Witch-bottles first appear in the archaeological record in the third quarter of the 17th Century. Most have been recovered from locations in buildings where they were originally concealed. The evidence within these bottles and their context within a building provides us with many clues about how they were used and thought to work. There are also 17th-Century documents which describe a method of boiling or heating bottles with urine and pins.

This illustrated Zoom talk will explore both types of evidence to unpick what might have really been going on with these practices.

Brian Hoggard has been studying history, archaeology and folk beliefs since his teens; his Twitter account enigmatically states that he has been a ‘Researcher of strange things found in walls and under floors since 1999…’ Brian’s undergraduate dissertation focused on folk beliefs and witchcraft, when he noticed there was a huge amount of further work that could be done to explore the archaeology of witchcraft. At that point his research escalated into a major project which has culminated in the publication of Magical House Protection: The Archaeology of Counter-Witchcraft (Berghahn 2019).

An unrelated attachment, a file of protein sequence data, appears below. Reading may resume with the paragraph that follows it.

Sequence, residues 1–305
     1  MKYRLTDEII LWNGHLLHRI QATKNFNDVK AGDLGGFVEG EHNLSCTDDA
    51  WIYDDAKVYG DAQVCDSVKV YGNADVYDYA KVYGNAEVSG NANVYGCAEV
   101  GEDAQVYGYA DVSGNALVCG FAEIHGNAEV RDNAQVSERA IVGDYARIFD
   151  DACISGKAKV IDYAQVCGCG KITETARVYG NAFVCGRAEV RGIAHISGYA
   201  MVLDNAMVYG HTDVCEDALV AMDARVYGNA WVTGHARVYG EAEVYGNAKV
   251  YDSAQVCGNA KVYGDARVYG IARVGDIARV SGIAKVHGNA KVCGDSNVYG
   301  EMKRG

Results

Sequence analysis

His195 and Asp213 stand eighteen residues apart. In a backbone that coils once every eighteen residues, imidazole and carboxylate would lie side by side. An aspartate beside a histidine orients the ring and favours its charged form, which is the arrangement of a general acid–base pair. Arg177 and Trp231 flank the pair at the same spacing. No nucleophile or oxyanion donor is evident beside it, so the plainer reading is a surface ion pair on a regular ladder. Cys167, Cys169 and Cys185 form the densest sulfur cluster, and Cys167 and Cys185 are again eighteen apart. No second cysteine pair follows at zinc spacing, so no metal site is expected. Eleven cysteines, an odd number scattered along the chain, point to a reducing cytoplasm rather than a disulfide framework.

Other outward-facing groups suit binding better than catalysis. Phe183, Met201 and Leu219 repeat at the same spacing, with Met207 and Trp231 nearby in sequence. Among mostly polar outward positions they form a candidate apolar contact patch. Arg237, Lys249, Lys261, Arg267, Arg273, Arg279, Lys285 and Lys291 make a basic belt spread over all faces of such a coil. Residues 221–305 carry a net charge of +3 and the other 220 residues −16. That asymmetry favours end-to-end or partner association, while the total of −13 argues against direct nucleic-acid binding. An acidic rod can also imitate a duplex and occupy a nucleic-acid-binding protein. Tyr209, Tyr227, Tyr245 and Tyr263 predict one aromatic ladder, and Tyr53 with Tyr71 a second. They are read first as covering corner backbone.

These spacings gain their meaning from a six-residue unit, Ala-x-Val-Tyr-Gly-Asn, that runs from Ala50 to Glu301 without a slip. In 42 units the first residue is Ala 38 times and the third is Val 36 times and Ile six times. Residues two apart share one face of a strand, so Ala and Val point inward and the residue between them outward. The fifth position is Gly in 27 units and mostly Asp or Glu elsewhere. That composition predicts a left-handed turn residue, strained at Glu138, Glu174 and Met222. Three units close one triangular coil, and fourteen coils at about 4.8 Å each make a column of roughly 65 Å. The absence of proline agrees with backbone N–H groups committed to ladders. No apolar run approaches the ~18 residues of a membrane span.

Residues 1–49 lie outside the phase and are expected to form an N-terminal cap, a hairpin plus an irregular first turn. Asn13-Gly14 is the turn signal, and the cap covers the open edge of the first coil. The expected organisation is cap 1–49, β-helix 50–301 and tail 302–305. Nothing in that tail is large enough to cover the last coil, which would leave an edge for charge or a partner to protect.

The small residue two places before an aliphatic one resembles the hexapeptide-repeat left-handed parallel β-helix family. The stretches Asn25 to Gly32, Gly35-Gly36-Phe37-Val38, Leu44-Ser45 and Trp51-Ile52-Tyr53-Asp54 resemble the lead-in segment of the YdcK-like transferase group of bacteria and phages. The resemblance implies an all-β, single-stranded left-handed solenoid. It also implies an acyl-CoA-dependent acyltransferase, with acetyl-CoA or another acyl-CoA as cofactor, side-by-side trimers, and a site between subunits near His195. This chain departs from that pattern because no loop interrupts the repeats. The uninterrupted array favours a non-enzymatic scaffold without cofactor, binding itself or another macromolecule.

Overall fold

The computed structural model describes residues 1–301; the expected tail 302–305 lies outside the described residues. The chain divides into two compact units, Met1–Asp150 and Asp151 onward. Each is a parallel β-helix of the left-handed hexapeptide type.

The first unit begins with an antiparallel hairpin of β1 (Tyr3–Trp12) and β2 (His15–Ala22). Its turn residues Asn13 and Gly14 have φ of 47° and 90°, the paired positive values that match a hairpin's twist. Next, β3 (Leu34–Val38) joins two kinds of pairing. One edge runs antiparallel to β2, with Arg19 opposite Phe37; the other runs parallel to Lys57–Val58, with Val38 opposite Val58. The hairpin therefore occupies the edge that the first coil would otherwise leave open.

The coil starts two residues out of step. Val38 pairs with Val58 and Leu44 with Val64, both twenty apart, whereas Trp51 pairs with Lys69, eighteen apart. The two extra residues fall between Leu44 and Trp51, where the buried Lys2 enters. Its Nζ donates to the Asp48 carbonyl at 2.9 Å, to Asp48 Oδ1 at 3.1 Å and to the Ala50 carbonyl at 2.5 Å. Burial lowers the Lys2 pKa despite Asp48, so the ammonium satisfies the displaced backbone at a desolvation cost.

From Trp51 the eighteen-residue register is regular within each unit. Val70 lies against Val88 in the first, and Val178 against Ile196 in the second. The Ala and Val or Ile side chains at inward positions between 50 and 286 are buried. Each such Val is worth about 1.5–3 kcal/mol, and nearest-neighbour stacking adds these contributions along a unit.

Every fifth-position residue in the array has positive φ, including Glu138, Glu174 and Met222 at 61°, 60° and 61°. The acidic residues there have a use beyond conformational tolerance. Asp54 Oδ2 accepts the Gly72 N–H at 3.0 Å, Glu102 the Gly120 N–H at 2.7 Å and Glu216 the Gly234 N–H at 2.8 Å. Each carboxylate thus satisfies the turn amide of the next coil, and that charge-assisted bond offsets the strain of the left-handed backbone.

For more information see: www.apotropaios.co.uk

Your host for this event will be the writer Edward Parnell, author of Ghostland: In Search of a Haunted Country. Edward Parnell lives in Norfolk and has an MA in Creative Writing from the University of East Anglia. He is the recipient of an Escalator Award from the National Centre for Writing and a Winston Churchill Travelling Fellowship. Ghostland (William Collins, 2019), a work of narrative non-fiction, is a moving exploration of what has haunted our writers and artists – as well as the author’s own haunted past; it was shortlisted for the PEN Ackerley 2020 prize, an award given to a literary autobiography of excellence. Edward’s first novel The Listeners (2014), won the Rethink New Novels Prize.

For further info see: https://edwardparnell.com